Design thinking is not an exclusive property of designers. Many product owners, artists, scientists, and business strategists have been using this method for an era to come up with solutions. But to find a solution, one needs to have some solid problems.
Professionals found a lot of loopholes in the traditional waterfall methods of problem-solving. Design thinking came to be because big corporations cannot be creative and in extreme cases, aren’t able to create new products and services that meet the unmet needs of their customers.
Some of the world’s leading brands, such as Apple, Google and Samsung, rapidly adopted the design thinking approach, and leading universities around the world teach the related methodology — including Stanford, Harvard, Imperial College London and the Srishti Institute in India. Let’s see what design thinking is and how it could be helpful for creatively solving problems.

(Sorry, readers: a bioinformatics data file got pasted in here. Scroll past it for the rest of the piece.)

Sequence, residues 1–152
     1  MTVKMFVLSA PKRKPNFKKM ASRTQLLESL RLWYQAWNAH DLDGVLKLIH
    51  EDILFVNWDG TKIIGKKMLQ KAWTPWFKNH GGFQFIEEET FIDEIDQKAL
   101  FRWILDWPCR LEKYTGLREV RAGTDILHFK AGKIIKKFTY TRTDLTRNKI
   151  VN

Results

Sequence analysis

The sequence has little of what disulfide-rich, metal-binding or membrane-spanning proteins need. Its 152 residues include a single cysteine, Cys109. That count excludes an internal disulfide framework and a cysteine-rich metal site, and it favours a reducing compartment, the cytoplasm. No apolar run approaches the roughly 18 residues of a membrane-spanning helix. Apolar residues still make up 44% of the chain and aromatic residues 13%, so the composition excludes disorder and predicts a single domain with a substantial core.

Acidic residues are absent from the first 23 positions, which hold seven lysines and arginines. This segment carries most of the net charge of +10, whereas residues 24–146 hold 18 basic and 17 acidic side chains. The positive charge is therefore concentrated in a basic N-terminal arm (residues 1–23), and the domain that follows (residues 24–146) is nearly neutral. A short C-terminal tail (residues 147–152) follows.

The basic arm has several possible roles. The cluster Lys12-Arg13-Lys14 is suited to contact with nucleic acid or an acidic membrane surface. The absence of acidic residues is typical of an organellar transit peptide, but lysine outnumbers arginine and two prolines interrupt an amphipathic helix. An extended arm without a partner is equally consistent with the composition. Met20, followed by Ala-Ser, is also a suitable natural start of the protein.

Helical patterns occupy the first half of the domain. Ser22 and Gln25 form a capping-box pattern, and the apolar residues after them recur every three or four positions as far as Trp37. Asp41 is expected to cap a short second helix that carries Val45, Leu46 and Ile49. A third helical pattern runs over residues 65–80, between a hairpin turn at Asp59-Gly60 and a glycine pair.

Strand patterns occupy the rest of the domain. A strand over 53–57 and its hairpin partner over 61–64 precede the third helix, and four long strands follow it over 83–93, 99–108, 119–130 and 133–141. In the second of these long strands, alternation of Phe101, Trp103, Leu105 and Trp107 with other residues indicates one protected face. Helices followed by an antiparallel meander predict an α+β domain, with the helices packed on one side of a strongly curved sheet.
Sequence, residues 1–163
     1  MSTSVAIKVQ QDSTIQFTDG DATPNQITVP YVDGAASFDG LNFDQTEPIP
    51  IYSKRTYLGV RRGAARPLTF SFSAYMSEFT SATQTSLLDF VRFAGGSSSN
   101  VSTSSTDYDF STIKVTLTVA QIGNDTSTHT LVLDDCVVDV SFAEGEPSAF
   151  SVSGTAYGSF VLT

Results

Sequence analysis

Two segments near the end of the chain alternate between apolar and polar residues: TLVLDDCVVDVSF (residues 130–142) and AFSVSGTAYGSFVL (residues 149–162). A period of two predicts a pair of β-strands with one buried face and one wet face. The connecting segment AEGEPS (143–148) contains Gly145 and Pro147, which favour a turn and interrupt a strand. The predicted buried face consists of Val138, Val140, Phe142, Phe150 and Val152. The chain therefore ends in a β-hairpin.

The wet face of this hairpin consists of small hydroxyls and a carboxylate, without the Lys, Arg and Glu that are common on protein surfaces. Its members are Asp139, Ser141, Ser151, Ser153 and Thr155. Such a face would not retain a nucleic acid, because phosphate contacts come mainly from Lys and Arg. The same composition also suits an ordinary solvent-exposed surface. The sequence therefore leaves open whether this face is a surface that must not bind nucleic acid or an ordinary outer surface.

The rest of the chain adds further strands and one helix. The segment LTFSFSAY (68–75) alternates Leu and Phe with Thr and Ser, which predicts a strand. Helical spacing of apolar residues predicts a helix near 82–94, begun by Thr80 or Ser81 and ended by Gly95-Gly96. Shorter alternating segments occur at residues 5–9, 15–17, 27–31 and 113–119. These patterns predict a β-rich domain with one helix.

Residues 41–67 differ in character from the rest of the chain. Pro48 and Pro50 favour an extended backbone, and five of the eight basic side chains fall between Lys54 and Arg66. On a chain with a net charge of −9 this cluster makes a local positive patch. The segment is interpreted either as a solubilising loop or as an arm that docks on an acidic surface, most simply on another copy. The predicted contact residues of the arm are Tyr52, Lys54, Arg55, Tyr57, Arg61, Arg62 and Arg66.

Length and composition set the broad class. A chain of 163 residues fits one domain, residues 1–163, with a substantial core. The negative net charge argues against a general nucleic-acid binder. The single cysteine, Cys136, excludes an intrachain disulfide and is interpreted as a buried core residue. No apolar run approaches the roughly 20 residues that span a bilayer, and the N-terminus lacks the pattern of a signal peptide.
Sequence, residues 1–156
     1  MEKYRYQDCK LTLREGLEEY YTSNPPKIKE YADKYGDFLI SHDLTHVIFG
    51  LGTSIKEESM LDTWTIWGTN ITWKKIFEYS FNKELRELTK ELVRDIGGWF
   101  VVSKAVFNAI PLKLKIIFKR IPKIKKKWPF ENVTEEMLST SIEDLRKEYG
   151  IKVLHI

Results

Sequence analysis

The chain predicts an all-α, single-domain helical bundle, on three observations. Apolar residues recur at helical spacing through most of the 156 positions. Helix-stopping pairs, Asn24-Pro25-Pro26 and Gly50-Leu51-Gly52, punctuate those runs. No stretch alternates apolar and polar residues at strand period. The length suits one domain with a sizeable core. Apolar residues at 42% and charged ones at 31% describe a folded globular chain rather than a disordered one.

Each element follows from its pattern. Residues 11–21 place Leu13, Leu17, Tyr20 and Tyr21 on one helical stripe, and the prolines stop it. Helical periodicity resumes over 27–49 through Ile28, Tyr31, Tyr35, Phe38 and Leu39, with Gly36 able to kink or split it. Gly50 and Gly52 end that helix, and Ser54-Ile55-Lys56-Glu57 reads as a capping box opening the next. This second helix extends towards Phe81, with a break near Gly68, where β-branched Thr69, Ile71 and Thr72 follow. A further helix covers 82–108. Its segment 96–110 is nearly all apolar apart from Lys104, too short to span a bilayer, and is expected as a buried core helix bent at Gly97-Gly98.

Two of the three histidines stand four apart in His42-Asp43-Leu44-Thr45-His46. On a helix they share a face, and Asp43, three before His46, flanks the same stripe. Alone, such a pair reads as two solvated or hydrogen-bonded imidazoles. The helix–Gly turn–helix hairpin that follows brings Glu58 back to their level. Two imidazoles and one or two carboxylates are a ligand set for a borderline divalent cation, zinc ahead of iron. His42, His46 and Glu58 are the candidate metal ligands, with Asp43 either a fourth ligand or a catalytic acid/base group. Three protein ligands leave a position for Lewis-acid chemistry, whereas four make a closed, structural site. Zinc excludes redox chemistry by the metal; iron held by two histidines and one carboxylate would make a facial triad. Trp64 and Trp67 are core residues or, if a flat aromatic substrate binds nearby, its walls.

What is design thinking?
“Design thinking is a human-centred approach to innovation that draws from the designer’s toolkit to integrate the needs of people, the possibilities of technology, and the requirements for business success.” - Tim Brown (CEO of IDEO)
Design thinking is a practical, creative problem-solving method. This ideology comprises different processes. All the sub-processes in design thinking ideology are evolved from a range of different fields including architecture, engineering and business. This is not a design-specific process. It could be followed in any aspect which is trying to solve a problem.
Design thinking shifts the focus from a business-centric engineering solution to a user-centric solution. Design thinking is an extremely user-centric process which means solutions are discovered keeping end-users in the centre. We’re building a product for our end users so understanding and empathizing with our end users is extremely crucial while designing for any product or service.
Design thinking approach